Wesleyan will dedicate new facility this summer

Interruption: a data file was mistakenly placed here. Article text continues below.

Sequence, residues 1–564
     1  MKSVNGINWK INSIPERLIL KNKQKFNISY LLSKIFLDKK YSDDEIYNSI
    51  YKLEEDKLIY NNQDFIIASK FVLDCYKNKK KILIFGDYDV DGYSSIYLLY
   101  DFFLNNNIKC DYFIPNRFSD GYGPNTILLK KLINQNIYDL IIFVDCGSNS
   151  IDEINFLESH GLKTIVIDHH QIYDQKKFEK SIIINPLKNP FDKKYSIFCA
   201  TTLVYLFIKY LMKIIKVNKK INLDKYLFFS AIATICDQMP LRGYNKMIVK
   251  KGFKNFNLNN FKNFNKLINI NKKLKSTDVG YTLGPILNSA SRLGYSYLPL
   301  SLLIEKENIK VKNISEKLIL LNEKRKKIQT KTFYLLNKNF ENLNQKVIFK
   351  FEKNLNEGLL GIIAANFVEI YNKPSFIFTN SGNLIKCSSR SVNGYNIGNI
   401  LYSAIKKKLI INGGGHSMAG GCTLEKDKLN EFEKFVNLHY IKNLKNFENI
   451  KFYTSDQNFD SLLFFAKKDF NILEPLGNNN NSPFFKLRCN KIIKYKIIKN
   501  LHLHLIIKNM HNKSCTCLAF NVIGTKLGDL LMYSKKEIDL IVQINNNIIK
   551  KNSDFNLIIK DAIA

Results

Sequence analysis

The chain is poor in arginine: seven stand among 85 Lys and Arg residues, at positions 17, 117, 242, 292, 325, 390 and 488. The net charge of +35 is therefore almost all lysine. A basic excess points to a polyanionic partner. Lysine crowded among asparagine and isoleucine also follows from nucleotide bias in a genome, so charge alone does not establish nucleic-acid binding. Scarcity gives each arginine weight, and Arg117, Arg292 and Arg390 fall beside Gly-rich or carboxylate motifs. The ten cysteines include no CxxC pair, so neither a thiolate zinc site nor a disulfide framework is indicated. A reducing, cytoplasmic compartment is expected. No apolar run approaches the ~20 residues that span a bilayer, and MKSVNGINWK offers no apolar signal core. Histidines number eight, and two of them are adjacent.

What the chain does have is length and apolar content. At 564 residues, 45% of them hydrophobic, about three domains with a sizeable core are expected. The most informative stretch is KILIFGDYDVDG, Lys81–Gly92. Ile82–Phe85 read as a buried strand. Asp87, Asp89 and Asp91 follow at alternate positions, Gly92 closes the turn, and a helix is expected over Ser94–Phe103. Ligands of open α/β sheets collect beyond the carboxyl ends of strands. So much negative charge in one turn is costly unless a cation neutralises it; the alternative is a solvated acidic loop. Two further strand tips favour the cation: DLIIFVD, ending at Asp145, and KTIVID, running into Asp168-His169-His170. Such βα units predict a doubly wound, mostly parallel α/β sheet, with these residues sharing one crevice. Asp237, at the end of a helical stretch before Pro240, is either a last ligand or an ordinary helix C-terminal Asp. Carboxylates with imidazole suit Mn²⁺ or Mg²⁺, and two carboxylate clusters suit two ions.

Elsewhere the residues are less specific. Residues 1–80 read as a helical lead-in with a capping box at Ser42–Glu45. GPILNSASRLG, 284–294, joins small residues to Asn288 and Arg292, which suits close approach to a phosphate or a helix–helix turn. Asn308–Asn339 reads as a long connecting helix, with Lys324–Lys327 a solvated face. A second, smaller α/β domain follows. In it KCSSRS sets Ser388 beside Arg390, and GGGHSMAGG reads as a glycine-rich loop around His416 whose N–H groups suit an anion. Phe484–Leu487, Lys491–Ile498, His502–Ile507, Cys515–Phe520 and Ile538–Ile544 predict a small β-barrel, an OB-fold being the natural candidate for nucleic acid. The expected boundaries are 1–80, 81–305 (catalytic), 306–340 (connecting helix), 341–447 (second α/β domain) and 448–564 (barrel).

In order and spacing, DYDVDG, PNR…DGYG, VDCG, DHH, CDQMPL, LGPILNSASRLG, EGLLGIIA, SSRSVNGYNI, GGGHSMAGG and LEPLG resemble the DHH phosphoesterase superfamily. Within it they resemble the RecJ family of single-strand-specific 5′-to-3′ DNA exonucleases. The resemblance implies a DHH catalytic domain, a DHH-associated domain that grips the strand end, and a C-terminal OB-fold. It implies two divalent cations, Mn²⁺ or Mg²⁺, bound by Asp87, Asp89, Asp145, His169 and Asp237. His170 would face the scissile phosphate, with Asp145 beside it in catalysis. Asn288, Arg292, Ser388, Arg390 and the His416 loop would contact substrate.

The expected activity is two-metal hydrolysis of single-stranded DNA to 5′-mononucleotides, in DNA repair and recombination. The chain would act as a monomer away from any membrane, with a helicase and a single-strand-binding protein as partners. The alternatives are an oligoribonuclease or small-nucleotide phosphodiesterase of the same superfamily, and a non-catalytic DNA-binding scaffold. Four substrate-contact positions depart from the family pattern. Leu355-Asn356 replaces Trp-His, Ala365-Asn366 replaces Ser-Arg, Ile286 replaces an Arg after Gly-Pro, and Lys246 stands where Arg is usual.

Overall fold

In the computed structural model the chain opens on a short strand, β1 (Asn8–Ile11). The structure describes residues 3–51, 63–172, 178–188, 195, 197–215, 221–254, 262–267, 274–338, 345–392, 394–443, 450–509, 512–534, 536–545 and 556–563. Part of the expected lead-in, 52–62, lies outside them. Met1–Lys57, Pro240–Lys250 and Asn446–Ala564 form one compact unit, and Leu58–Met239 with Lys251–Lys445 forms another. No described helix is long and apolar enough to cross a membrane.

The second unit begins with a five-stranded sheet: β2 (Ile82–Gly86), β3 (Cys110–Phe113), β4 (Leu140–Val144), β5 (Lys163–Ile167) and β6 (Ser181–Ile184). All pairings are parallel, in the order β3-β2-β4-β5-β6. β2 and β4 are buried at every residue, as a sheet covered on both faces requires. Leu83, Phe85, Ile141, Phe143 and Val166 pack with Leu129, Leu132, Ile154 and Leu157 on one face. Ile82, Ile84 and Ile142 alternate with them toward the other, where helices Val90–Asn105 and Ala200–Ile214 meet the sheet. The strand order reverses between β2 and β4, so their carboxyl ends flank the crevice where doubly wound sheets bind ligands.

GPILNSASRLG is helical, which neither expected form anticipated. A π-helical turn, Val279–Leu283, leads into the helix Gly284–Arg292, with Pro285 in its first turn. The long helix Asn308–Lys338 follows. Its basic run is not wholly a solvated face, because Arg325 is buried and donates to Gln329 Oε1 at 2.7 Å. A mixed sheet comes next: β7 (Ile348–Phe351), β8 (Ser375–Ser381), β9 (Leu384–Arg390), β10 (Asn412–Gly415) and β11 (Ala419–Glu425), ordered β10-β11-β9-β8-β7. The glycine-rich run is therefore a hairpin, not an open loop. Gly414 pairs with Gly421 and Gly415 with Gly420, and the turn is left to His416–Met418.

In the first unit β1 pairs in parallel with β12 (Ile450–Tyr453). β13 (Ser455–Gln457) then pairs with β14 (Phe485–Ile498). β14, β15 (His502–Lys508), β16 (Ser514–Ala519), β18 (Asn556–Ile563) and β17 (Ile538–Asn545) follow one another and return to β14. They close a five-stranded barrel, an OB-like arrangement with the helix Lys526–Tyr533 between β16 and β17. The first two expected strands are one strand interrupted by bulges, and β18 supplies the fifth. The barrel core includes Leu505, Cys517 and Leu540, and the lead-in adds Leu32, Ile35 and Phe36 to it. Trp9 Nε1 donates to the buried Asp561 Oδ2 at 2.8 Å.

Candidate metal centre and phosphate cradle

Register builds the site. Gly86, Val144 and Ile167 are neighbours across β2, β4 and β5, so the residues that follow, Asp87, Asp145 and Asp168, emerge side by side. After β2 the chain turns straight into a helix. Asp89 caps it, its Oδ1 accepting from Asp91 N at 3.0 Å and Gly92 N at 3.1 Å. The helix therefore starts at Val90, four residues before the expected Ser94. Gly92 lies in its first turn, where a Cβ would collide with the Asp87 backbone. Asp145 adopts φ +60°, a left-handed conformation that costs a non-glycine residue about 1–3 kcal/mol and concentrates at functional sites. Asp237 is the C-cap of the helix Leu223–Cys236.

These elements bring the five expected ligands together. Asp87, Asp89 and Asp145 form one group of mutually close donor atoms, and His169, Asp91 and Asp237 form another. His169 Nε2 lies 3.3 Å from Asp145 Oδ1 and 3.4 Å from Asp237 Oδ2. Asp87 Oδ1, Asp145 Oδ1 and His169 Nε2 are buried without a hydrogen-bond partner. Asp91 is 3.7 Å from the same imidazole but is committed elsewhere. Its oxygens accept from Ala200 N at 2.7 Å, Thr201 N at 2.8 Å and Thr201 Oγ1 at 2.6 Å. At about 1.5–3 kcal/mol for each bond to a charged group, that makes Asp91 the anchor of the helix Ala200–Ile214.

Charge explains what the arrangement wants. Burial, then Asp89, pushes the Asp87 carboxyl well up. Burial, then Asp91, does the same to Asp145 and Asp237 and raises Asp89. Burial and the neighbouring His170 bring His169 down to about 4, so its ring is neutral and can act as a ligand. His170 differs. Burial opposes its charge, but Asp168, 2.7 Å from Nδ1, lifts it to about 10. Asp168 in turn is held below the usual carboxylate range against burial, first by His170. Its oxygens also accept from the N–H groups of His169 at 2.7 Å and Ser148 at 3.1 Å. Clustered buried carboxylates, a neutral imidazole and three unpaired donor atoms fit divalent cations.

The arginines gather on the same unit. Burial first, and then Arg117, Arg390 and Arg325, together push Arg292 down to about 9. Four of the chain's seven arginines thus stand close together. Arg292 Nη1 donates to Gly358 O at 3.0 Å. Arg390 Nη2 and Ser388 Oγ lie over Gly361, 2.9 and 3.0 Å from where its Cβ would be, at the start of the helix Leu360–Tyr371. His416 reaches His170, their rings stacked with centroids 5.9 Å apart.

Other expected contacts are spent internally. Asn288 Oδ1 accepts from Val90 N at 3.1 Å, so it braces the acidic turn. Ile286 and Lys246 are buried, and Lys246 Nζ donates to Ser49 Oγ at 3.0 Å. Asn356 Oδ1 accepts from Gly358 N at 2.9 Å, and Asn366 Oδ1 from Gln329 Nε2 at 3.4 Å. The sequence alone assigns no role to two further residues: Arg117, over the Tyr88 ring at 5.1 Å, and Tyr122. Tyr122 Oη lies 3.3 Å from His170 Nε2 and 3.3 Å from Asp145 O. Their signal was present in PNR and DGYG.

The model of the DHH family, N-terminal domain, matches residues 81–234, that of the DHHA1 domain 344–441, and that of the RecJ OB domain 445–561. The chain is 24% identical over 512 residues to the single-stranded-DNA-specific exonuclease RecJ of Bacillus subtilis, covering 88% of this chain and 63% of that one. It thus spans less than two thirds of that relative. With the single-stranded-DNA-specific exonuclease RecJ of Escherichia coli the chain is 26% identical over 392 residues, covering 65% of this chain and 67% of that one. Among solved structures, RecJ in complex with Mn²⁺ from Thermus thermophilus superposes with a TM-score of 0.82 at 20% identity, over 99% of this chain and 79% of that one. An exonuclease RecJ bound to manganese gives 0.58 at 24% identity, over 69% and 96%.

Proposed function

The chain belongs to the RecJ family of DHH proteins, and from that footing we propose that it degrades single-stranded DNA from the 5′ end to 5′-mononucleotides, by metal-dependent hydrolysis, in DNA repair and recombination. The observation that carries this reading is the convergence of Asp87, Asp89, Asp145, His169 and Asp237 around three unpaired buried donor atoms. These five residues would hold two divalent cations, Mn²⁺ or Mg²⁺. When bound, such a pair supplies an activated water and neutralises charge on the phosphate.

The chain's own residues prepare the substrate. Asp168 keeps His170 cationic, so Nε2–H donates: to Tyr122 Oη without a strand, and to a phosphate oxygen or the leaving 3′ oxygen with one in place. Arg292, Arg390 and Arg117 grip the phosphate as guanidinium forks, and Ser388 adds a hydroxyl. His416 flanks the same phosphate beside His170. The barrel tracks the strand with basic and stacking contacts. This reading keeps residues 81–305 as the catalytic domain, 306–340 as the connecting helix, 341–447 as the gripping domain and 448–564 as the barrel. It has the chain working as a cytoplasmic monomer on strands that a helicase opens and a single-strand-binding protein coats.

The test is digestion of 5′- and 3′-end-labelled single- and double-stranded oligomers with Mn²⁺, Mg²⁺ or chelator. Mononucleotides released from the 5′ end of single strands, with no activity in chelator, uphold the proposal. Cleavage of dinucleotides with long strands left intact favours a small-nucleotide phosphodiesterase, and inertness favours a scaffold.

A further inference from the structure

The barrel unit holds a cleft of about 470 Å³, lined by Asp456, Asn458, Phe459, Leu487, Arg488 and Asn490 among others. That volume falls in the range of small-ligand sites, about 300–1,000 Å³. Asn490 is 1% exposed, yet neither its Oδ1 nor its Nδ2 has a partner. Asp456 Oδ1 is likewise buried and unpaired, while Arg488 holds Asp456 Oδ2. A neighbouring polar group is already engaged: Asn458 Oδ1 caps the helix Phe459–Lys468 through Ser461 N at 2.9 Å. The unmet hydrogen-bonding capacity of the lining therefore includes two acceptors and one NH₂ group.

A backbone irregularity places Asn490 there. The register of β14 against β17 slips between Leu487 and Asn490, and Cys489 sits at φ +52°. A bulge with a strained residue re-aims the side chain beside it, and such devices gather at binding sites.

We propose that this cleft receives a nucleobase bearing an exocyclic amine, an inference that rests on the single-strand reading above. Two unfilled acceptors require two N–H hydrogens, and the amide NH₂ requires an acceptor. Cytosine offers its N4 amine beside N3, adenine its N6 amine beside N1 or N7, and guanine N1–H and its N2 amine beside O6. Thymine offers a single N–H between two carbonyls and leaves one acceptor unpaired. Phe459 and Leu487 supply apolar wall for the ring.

This summer, Wesleyan U. will dedicate the $10 million Jeanine Basinger Center for Film Studies, the culmination of a two-phase, seven-year mission to give the university’s film department its own identity and its own home.Lead architect Jim La Posta of Hartford firm Jeter Cook & Jepson remembers the acclaimed film scholar’s criteria for the new building: plenty of light, state-of-the-art screening spaces and a structure that would foster a sense of community. “When people think of film, they think of sitting in the dark. But film is not about the darkness, it’s about the light,” Basinger directed La Posta, who recalls, “She explained to me how film is about the manipulation of light and form and space — a lot like architecture, actually.” The Corwin-Fuller professor of film studies and founder-curator of Wesleyan’s Cinema Archives wanted the structure to be flooded with light, but dark where it needed to be dark, and she was intimately involved in every phase of the design. The modern edifice also had to link to the traditional-style Cinema Archives building — no small task, but one whose execution received a design award from the Connecticut chapter of the American Institute of Architects. Built of limestone and brick, the center features an airy Winter Garden, seminar rooms, editing suites, staff offices, the Rick Nicita gallery and two screening spaces. The larger of these is the 420-seat Goldsmith Family Cinema, one that can project in virtually all formats — 16mm, 35mm, 70mm and digital — and features a 21st-century sound system. “The screening room had to be absolutely perfect,” La Posta recalls. And the result “looks beautiful,” raves Wesleyan alum producer-director Michael Bay. “It can compare with the look and sound of (Los Angeles’) DGA Theater. It’s top tier.”
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